What Employers Should Do Given the President’s Order Blocking Certain Foreign Nationals

Authored by Diane E. Metzger

Jan 30, 2017

President Trump’s executive order “Protecting the Nation from Foreign Terrorist Entry into the United States” temporarily suspends entry of both immigrant and nonimmigrant visa holders from seven countries: Iran, Iraq, Libya, Somalia, Sudan, Syria, and Yemen. The executive order also suspends the Visa Interview Waiver Program, which is used by many H-1B visa holders to apply for a visa permitting them to return to the U.S. to resume work after temporary travel abroad.

While the situation remains very fluid, and court orders in various jurisdictions have stayed portions of the executive order, we are currently recommending that employers of foreign nationals proceed as follows:

  • Employees who are foreign nationals of one of the seven “Countries of Particular Concern” should not depart the U.S. for international travel regardless of their visa status. Individuals from these countries who are currently abroad and wish to return to the U.S. should contact their employer and immigration counsel immediately.
  • Employees who are foreign nationals from countries other than the seven countries designated in the executive order should, regardless of visa status, reconsider nonessential travel to and from the U.S. given the volatility of the situation and the possibility that additional countries may be added to the restricted country list.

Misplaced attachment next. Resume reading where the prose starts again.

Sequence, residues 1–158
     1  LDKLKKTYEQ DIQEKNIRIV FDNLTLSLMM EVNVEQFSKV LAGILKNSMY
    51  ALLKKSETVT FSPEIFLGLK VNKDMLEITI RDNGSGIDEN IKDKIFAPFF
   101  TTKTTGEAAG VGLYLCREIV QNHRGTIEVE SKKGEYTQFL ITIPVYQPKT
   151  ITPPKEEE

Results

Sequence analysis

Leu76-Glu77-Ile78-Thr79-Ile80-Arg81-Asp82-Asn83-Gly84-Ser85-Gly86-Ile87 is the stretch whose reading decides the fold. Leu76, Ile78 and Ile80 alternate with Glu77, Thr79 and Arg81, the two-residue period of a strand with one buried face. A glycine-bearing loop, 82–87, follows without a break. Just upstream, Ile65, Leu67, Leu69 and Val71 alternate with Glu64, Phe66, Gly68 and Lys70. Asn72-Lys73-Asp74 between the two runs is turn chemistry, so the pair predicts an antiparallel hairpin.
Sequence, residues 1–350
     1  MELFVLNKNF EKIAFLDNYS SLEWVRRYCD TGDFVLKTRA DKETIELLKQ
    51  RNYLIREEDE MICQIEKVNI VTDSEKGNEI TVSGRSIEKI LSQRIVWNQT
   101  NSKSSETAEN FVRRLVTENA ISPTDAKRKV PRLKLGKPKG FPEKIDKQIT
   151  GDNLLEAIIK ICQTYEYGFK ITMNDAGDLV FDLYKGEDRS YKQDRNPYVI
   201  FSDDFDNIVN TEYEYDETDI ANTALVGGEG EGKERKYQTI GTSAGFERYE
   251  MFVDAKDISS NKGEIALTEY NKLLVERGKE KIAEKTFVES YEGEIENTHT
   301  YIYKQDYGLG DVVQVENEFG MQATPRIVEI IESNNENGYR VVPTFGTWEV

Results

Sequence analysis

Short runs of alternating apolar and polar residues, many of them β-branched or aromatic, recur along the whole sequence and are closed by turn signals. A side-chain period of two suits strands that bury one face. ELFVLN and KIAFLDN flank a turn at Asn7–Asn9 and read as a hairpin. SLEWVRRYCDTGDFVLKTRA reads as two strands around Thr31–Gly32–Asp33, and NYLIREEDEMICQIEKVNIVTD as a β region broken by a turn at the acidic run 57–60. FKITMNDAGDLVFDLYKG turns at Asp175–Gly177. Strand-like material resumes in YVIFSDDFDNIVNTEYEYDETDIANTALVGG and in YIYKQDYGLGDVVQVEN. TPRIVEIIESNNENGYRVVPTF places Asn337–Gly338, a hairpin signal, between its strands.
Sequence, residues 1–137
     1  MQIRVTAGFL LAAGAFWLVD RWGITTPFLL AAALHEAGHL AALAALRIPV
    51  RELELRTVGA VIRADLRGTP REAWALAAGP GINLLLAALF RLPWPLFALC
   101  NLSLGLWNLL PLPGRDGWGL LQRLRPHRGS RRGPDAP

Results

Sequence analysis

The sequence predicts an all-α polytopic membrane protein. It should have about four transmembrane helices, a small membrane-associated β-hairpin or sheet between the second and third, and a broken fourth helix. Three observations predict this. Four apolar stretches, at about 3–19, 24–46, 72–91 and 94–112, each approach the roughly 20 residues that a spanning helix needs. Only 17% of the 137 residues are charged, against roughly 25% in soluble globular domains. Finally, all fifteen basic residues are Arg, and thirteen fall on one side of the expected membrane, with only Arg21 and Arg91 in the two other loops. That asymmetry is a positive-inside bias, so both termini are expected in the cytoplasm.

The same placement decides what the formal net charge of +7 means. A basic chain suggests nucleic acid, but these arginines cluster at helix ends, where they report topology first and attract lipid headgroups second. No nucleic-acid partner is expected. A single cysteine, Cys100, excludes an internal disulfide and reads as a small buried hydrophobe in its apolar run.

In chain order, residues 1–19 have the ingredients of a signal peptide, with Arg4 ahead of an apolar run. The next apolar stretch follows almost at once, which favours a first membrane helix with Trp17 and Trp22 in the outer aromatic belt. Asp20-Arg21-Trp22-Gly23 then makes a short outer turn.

• If employers have foreign national employees planning to reenter the U.S., regardless of visa status and regardless of whether they are from those seven countries or not, they should alert immigration counsel of those travel plans so we can take steps to assist them before they begin their travel.

The order applies to individuals with employment-based visas, such as H-1B, F-1, and L-1 visas, lawful permanent residents or “green card,” holders as well as persons with dual citizenship with one of the countries on the restricted list.

The Department of Homeland Security has issued further guidance suggesting lessened restrictions on green card holders, stating that green card status “will be a dispositive factor in our case-by-case determinations”, but only to the extent that additional information does not indicate the individual is a threat to public safety and welfare. While this guidance provides much needed assurances to green card holders, it does not guarantee that all green card holders will be granted entry into the U.S.

The order gives the Secretary of State and Secretary of Homeland Security discretion to issue visas on a case-by-case basis to individuals from these countries. At this moment, it does not appear that a process is in place for granting these exceptions. The order also indefinitely suspends the entry of all Syrian refugees and suspends the admission of refugees from all other countries for 120 days.

Please contact Lowenbaum Law’s lead immigration attorney Diane Metzger if you have any questions or need assistance because of this new executive order.

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